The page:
ESG investing came to the surface in January 2004, when former UN Secretary-General Kofi Annan wrote to 50+ CEOs of major financial institutions, inviting them to take part in a joint initiative under the guidance of the UN Global Impact with the support of the International Finance Corporation (IFC) and the Swiss Government.
The goal of that initiative was to facilitate the incorporation of ESG into capital markets. And a year later, the term was first used in a landmark report titled “Who Cares Wins”.
At the same time, United Nations Environment Programme (UNEP) produced the so-called “Freshfield Report” which portrayed ESG issues as unrelated to financial valuation.
These two reports then formed the base for the introduction of the Principles for Responsible Investment (PRI). Its role is to forward the integration of ESG into analysis and decision-making through thought leadership. Today, many exchanges around the world, have made ESG disclosures mandatory for listed companies.
2013 – A Tipping Point for ESG investing
The growth of ESG investing has not been everything but smooth and steady. It has had a fair share of struggles in the initial days.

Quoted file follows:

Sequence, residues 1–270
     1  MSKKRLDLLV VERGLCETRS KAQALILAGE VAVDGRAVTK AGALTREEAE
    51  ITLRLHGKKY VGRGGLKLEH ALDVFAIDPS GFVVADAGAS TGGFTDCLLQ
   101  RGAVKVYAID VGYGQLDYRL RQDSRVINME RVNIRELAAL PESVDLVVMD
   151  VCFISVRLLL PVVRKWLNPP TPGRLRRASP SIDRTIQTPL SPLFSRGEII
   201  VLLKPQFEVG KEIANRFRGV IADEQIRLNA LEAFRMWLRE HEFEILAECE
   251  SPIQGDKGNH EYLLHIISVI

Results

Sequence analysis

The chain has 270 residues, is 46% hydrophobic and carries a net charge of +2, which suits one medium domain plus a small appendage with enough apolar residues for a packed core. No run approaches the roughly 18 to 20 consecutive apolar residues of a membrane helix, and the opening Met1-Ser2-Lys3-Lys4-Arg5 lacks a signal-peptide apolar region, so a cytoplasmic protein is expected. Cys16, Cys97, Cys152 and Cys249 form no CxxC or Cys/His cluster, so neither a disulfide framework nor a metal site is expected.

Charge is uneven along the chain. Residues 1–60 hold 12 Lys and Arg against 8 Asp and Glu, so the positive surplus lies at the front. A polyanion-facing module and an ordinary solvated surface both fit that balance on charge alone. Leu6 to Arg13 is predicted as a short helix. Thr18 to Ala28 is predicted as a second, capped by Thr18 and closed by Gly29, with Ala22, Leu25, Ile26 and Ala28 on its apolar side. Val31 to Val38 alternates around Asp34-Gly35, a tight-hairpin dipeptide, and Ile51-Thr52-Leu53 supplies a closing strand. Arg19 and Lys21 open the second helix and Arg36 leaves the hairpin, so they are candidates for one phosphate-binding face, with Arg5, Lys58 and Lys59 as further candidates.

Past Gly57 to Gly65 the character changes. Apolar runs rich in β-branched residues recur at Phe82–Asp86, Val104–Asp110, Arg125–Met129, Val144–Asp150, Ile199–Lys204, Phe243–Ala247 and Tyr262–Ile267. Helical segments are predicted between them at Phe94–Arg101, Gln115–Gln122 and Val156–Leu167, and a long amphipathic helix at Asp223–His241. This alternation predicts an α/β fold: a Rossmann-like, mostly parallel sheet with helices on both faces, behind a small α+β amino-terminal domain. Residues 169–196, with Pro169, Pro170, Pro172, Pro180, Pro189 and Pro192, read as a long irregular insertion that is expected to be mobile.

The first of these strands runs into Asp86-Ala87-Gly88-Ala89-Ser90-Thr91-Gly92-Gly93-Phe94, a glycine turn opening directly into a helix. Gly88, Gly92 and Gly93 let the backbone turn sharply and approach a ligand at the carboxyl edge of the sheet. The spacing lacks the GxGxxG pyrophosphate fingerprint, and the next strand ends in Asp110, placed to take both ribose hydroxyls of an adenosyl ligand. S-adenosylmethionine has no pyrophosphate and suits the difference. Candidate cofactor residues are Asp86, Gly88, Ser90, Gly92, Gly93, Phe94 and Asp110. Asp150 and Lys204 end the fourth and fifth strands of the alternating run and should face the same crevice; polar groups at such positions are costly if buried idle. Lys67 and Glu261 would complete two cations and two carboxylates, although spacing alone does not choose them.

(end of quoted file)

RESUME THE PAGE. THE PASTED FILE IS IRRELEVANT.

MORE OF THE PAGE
Institutional investors were initially reluctant to accept the concept, arguing that their fiduciary duty was limited to maximizing shareholders’ values irrespective of environmental, societal impact, or broader governance issues such as corruption.
Another prime barrier has been a lack of data and the necessary tools to get complete information. However, corporate disclosure on ESG issues has improved since the launch of the Global Reporting Initiative (GRI) in 2000.
Today, over 80% of the world’s largest corporations use GRI standards. The adaption of ESG picked-up pace in 2013-14, when studies were published showing that good corporate sustainability performance is associated with good financial results.
When coronavirus first appeared in late 2019, market disruptions and uncertainties caused many investors to turn to ESG funds. In the first three months of 2020, investors globally invested $54.6 Billion in these funds. According to Bloomberg ESG assets are on track to reach $53 trillion, up from $37.8 trillion by year-end.
What Are ESG Funds?
ESG funds are those funds whose asset allocation mostly includes shares and/or bonds of companies that are evaluated based on Environmental, Social, and Governance factors.
While Europe accounts for half of the global ESG assets, the U.S. had the strongest expansion in 2021 and may hold a main stage in the category starting in 2022. The next wave of growth could come from Asia with a major focus on Japan.
Top 20 Largest ESG Funds by AUM
As of 31 December 2020, the 20 Largest ESG funds held more than $150 Bn in assets combined. These 20 funds collectively represent ~13% of the total assets under management (AUM) globally in ESG equity funds.
Learned something new from this article? Read more about the Rise of ESG in India and Top Funds in the country.